You offer your opinion in their development. you don’t have veto power.g. plans. you vote as a member. with the goal of improving the quality of the products..” ethics. and conduct. • Interfacing with all other Government organizations (e. and • Full participation in Risk Management. Government members of IPTs do not approve or disapprove of IPT decisions.Systems Engineering Fundamentals Chapter 18 8. or reports. 9. Government IPT members are still subject to all the Government laws and regulations regarding “directed changes. Your primary function is to perform those functions that are best done by Government employees. such as: • Conveying to contractor personnel your knowledge/expertise on Marine Corps operations and maintenance techniques. • Ensuring timely payment of submitted vouchers. T&E). • Control/facilitization of government furnished equipment and materials (GFE and GFM). and you coordinate issues with your Supervisor and bring the “Government” opinion (in the form of your opinion) back to the IPT. 184 .
and legal personnel. financial.Chapter 19 Contractual Considerations CHAPTER 19 CONTRACTUAL CONSIDERATIONS 19. This agreement has to satisfy several stakeholders and requires coordination between responsible technical. The role of technical managers or systems engineers is crucial to satisfying these diverse concerns. As shown by Figure 19-1. contractual. The technical risk drives the schedule and cost risks which in turn should drive the type of contractual approach chosen. program PPBS documentation.1 INTRODUCTION This chapter describes how the systems engineer supports the development and maintenance of the agreement between the project office and the contractor that will perform or manage the detail work to achieve the program objectives. Contract WBS Government SOO/SOW CDRL Performance-Based SPECs and STDs Industry Cooperative Systems Engineering Effort Figure 19-1. managerial. Their primary responsibilities include: • Supporting or initiating the planning effort. and the System Architecture. Contracting Process 185 . • Prepares or supports the preparation of the source selection plan and solicitation clauses concerning proposal requirements and selection criteria. • Prepares task statements. It requires a document that conforms to the Federal Acquisition Regulations (and supplements). it also has to result in a viable cooperative environment that allows necessary integrated teaming to take place.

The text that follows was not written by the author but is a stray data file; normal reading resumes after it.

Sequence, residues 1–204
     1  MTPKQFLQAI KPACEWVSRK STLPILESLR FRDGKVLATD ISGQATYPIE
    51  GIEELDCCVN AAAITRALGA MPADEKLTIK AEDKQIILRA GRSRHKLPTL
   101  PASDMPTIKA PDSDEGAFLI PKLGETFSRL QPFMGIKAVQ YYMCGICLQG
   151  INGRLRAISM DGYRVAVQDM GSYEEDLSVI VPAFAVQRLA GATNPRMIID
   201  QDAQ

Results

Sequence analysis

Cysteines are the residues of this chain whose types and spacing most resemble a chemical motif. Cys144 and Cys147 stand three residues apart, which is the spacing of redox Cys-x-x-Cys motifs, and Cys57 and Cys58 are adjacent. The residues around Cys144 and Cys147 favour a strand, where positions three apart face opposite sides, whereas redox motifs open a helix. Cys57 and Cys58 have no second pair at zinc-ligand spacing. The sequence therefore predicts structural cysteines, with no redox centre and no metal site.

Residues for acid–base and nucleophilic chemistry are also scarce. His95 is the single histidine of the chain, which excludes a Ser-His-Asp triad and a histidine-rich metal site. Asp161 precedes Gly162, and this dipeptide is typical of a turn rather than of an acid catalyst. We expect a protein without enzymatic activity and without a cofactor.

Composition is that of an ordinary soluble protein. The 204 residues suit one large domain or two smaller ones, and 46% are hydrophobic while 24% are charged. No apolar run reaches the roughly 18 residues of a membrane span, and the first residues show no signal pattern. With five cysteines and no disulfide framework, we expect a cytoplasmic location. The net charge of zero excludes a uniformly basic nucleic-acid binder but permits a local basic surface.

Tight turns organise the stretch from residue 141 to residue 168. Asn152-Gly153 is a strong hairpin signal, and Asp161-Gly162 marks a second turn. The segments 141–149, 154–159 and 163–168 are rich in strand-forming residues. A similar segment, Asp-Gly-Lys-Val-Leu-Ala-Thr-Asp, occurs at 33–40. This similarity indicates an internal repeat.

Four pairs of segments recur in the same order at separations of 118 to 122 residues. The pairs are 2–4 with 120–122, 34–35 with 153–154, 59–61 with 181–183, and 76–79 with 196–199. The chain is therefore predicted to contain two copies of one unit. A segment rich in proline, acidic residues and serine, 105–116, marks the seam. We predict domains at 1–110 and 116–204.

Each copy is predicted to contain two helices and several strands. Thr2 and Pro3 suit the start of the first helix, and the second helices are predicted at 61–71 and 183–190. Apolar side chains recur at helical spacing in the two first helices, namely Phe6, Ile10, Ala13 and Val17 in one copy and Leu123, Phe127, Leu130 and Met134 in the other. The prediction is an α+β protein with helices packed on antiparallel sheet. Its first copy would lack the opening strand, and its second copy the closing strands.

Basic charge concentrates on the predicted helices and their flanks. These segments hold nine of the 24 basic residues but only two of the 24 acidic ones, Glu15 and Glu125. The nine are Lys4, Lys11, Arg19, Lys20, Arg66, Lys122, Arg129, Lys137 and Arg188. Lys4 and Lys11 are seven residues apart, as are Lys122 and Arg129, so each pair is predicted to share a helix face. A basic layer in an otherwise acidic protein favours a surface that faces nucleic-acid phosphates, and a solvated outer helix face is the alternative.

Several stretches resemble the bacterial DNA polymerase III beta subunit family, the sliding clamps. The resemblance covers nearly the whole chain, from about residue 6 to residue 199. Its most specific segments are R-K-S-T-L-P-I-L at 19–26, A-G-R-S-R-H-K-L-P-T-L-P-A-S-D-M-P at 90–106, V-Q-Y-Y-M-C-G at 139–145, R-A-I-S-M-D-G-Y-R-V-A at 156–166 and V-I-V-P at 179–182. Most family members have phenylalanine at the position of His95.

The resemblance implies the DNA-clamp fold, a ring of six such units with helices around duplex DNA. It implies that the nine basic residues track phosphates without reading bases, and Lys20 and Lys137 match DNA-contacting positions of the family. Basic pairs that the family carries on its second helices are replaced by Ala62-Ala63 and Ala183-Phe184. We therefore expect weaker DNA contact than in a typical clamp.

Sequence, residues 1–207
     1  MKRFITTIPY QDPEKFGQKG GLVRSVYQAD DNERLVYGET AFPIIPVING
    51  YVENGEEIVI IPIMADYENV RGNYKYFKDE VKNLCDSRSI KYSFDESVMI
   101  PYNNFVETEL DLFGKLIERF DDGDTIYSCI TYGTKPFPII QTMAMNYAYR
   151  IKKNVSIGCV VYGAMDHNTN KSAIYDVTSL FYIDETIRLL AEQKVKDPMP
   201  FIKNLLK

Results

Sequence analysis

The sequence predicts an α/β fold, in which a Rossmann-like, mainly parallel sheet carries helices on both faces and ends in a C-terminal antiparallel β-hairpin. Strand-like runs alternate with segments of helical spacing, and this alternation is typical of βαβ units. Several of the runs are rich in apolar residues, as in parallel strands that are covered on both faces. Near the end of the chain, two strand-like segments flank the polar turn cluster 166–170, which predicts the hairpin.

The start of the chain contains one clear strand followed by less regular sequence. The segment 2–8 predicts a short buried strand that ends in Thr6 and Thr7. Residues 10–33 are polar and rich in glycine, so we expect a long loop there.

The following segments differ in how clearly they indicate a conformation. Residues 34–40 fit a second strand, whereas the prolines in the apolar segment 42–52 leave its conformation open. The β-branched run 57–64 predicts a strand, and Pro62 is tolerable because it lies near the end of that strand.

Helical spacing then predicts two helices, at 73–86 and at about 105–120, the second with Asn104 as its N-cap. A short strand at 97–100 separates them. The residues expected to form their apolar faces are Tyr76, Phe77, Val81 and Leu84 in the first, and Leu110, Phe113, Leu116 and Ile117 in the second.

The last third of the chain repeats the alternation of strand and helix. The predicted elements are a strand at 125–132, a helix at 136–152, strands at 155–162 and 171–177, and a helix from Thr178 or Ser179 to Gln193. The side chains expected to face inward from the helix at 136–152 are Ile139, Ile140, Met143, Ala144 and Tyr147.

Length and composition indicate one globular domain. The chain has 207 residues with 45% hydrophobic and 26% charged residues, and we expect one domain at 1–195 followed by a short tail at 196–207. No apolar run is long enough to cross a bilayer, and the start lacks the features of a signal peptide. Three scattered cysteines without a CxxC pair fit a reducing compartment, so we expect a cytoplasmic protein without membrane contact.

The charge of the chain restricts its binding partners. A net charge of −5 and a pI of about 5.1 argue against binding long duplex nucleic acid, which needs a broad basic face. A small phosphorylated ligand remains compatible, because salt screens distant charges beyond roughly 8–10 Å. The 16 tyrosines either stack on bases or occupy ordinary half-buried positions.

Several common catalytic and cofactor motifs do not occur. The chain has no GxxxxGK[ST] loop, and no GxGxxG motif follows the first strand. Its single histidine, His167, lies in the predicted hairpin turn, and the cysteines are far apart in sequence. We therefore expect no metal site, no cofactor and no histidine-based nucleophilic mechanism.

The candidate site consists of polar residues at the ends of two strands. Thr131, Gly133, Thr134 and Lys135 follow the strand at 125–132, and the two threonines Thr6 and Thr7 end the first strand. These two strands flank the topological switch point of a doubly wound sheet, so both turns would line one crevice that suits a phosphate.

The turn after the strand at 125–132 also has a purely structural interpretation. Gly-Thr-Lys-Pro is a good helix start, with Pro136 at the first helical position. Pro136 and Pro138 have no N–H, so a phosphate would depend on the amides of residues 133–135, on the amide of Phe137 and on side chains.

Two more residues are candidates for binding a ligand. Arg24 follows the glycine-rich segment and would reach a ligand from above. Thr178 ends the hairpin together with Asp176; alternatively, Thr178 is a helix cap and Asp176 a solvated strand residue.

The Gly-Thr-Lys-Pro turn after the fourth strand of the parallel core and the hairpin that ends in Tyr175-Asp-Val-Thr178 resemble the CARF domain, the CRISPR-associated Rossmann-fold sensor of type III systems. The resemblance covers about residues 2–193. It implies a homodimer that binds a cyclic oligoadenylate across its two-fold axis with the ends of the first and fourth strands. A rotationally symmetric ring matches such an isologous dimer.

Systems Engineering Fundamentals Chapter 19 • Prepares the Contract Data Requirements List (CDRL). a Statement of Objective (SOO) or Statement of Work (SOW). 19. Contracting Process 186 . It describes the government’s need and what the offeror must do to be considered for the contract. • Supports negotiation and participates in source selection evaluations. It establishes the basis for the contract to follow. It assumes that there is a government program or project office that is tasking a prime contractor in a competitive environment. • Forms Integrated Teams and coordinates the government side of combined government and industry integrated teams. In DoD this is a SOW. Acquisition Planning Requirement Determination Requirement Specification Procurement Requests (RFP) Procurement Planning Source Selection Solicitation Evaluation Negotiation Selection of Source Award Contract Administration Assignment System Control Performance Measurement Contract Modifications Completion/ Payment/ Closeout Figure 19-2. in DoD there is variation to this theme.2 SOLICITATION DEVELOPMENT As shown by Figure 19-2. The government distributes it to potential contractors. a source selection plan. The processes described in this chapter should be tailored as appropriate for these situations. The key systems engineering documents included in a solicitation are: • A statement of the work to be performed. and • Coordinates government action in support of the contracting officer. This chapter reflects the DoD approach to contracting for system development. • Monitors the contractor’s progress. However. specifications. the DoD contracting process begins with planning efforts. and the Contract Data Requirements List (CDRL). Request for Proposal (RFP) The RFP is the solicitation for proposals. Planning includes development of a Request for Proposal (RFP). Some project activities are tasked directly to a government agency or facility. or are contracted sole source. A SOO can be used to obtain a SOW or equivalent during the selection process.